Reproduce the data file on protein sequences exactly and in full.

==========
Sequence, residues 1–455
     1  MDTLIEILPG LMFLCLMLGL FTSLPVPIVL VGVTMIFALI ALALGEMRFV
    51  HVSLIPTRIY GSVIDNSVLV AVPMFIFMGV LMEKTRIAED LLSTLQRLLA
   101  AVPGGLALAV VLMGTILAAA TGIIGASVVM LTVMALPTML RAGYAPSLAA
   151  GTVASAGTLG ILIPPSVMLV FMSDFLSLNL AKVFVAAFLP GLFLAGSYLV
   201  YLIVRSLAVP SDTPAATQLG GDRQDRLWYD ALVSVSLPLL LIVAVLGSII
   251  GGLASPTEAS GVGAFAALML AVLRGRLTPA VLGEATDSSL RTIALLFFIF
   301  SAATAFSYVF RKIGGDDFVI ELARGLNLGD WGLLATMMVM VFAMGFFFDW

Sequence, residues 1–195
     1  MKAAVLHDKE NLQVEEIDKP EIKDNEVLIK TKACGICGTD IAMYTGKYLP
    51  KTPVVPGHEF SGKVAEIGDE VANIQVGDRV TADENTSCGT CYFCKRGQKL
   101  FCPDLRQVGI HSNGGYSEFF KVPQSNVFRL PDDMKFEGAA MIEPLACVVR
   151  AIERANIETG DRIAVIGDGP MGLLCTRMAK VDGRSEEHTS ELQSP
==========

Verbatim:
Sequence, residues 1–455
     1  MDTLIEILPG LMFLCLMLGL FTSLPVPIVL VGVTMIFALI ALALGEMRFV
    51  HVSLIPTRIY GSVIDNSVLV AVPMFIFMGV LMEKTRIAED LLSTLQRLLA
   101  AVPGGLALAV VLMGTILAAA TGIIGASVVM LTVMALPTML RAGYAPSLAA
   151  GTVASAGTLG ILIPPSVMLV FMSDFLSLNL AKVFVAAFLP GLFLAGSYLV
   201  YLIVRSLAVP SDTPAATQLG GDRQDRLWYD ALVSVSLPLL LIVAVLGSII
   251  GGLASPTEAS GVGAFAALML AVLRGRLTPA VLGEATDSSL RTIALLFFIF
   301  SAATAFSYVF RKIGGDDFVI ELARGLNLGD WGLLATMMVM VFAMGFFFDW

Sequence, residues 1–195
     1  MKAAVLHDKE NLQVEEIDKP EIKDNEVLIK TKACGICGTD IAMYTGKYLP
    51  KTPVVPGHEF SGKVAEIGDE VANIQVGDRV TADENTSCGT CYFCKRGQKL
   101  FCPDLRQVGI HSNGGYSEFF KVPQSNVFRL PDDMKFEGAA MIEPLACVVR
   151  AIERANIETG DRIAVIGDGP MGLLCTRMAK VDGRSEEHTS ELQSP